User Request – Shepards Classification of Sediments

July 25, 2014
By

(This article was first published on ggtern: ternary diagrams in R, and kindly contributed to R-bloggers)

I received a request overnight on how to render the Shepard’s classification diagram, which is an alternative to the USDA’s textural soil classification. This is quite simple to produce (albeit a little tedious), however, before I walk through the script, immediately below, please see the final result (which you can compare to an original). The diagram consists of 21 points, and 10 regions, in the following codes, we shall create a library of points and then map them to the polygons. In order to view how this was produced, please continue reading below…

Preparing the Data.

Firstly, we need to create the dictionary of points.

```#Build a library of points, left to right, top to bottom...
points <- data.frame(
rbind(c( 1,1.000,0.000,0.000),
c( 2,0.750,0.250,0.000),
c( 3,0.750,0.125,0.125),
c( 4,0.750,0.000,0.250),
c( 5,0.600,0.200,0.200),
c( 6,0.500,0.500,0.000),
c( 7,0.500,0.000,0.500),
c( 8,0.400,0.400,0.200),
c( 9,0.400,0.200,0.400),
c(10,0.250,0.750,0.000),
c(11,0.250,0.000,0.750),
c(12,0.200,0.600,0.200),
c(13,0.200,0.400,0.400),
c(14,0.200,0.200,0.600),
c(15,0.125,0.750,0.125),
c(16,0.125,0.125,0.750),
c(17,0.000,1.000,0.000),
c(18,0.000,0.750,0.250),
c(19,0.000,0.500,0.500),
c(20,0.000,0.250,0.750),
c(21,0.000,0.000,1.000)
)
)
colnames(points) = c("IDPoint","T","L","R")
```

Assign each polygon a unique number and respective label.

```#Give each Polygon a number
polygon.labels <- data.frame(Label=c("Clay","Sandy Clay","Silty Clay",
"Sand + Silt + Clay","Clayey Sand","Clayey Silt",
"Sand","Silty Sand","Sandy Silt","Silt"))
polygon.labels\$IDLabel=1:nrow(polygon.labels)
```

Create the map between the polygon numbers and the points which make up those numbers. Make sure they are in clockwise or anticlockwise order (but not mixed)

```#Create a map of polygons to points
polygons <- data.frame(
rbind(c(1,1),c(1,2),c(1,4),
c(2,6),c(2,2),c(2,3),c(2,5),c(2,8),
c(3,3),c(3,4),c(3,7),c(3,9),c(3,5),
c(4,5),c(4,14),c(4,12),
c(5,6),c(5,8),c(5,12),c(5,15),c(5,10),
c(6,7),c(6,11),c(6,16),c(6,14),c(6,9),
c(7,17),c(7,10),c(7,18),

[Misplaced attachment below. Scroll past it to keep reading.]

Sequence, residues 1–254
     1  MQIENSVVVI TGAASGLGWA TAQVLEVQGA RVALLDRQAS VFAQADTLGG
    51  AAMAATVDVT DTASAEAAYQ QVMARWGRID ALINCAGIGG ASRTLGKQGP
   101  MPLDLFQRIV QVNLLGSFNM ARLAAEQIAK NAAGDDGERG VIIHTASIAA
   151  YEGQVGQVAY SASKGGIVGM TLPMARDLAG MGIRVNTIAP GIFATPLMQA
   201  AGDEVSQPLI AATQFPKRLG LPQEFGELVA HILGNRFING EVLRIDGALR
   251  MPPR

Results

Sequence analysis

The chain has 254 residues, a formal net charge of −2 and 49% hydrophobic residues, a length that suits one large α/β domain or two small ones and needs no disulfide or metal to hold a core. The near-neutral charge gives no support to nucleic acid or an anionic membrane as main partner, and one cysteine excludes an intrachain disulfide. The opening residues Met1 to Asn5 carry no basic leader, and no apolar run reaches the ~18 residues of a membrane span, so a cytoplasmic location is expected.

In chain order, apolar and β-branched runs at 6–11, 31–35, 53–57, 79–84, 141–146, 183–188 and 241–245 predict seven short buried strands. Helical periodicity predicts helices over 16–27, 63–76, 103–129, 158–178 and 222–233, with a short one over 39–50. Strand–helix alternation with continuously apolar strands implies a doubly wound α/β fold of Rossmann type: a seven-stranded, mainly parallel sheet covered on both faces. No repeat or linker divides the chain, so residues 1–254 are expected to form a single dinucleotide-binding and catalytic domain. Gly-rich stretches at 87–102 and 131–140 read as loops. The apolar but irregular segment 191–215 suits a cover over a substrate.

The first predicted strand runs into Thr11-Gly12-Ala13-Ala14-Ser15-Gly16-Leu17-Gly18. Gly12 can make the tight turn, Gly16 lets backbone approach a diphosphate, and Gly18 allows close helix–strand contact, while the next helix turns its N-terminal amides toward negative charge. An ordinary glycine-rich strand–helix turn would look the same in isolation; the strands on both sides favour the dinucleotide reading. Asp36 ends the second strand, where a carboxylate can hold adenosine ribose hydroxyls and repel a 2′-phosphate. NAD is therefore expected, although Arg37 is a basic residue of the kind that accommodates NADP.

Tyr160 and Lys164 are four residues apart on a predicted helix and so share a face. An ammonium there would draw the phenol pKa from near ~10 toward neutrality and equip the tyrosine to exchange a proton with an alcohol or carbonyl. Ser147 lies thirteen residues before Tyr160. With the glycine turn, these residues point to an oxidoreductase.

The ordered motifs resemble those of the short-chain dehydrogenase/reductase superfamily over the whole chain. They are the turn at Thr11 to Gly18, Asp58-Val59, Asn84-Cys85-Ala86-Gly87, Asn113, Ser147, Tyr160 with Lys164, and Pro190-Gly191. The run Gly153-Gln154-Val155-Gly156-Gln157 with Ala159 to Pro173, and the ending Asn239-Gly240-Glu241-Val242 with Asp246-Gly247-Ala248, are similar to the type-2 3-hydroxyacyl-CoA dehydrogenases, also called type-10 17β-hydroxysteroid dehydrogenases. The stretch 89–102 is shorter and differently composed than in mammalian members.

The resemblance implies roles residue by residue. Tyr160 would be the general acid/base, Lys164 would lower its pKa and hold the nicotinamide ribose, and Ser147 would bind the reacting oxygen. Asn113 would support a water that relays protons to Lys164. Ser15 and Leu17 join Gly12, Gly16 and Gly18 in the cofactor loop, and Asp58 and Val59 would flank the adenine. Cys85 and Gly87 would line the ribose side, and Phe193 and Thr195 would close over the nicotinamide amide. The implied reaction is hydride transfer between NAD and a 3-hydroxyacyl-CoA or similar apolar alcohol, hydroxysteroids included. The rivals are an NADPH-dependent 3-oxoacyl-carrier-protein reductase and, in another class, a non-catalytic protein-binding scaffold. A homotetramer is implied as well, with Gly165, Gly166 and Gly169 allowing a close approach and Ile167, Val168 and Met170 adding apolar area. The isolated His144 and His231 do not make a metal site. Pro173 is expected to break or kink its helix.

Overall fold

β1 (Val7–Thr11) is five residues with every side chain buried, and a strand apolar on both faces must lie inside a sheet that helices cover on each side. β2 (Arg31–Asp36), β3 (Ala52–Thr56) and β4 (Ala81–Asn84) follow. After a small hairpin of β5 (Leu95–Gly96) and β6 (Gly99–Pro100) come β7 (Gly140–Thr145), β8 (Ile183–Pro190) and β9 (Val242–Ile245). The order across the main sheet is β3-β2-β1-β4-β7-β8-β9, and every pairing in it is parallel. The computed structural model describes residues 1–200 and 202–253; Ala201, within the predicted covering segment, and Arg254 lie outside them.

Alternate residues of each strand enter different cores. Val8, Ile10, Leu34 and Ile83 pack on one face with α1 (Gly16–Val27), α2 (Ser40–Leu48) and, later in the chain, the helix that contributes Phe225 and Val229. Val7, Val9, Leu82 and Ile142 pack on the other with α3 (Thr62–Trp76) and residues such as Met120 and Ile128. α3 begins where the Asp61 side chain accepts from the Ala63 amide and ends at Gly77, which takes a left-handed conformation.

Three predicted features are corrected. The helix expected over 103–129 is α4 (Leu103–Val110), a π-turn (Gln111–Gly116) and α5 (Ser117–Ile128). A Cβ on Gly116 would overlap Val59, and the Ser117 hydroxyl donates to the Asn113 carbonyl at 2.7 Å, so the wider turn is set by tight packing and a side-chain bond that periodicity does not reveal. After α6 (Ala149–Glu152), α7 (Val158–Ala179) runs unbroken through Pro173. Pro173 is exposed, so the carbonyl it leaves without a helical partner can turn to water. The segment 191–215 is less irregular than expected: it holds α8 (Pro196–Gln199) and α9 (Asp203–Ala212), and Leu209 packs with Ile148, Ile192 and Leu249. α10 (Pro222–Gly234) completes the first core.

c(8,15),c(8,12),c(8,13),c(8,19),c(8,18),
c(9,13),c(9,14),c(9,16),c(9,20),c(9,19),
c(10,11),c(10,21),c(10,20)
)
)
polygons\$PointOrder <- 1:nrow(polygons) #IMPORTANT FOR CORRECT ORDERING.
colnames(polygons) = c("IDLabel","IDPoint","PointOrder")
```

Now we merge the polygons, points and polygon labels to create a master dataframe.

```#Merge the three sets together to create a master set.
df <- merge(polygons,points)
df <- merge(df,polygon.labels)
df <- df[order(df\$PointOrder),]
```

We also create a separate data frame for the labels positioned at the centroid of each polygon.

``` #Determine the Labels Data library(plyr)
Labs = ddply(df,"Label",function(x){c(c(mean(x\$T),mean(x\$L),mean(x\$R)))})
colnames(Labs) = c("Label","T","L","R")
```

This concludes the data preparation step.

Constructing the Actual Plot

Now we can build the final plot, which employs the geom_polygon(…) and  geom_text(…) geometries and the above data-sets, we apply some transparency so the grid can be seen through the polygons, and base the drawing of the simple theme_bw(…) arrangement.

```#Build the final plot
library(ggtern)
base <- ggtern(data=df,aes(L,T,R)) +
geom_polygon(aes(fill=Label,group=Label),color="black",alpha=0.25) +
geom_text(data=Labs,aes(label=Label),size=4,color="black") +
theme_bw() +
custom_percent("Percent") +
labs(title="Shepard Sediment Classification Diagram",
fill = "Classification",
T="Clay",
L="Sand",
R="Silt")
print(base) #to console
```

Finally, if one likes, we can also render it directly to an image.

```#Render to file.
png("plot.png",width=800,height=600)
print(base)
dev.off()
```

The post User Request – Shepards Classification of Sediments appeared first on ggtern: ternary diagrams in R.

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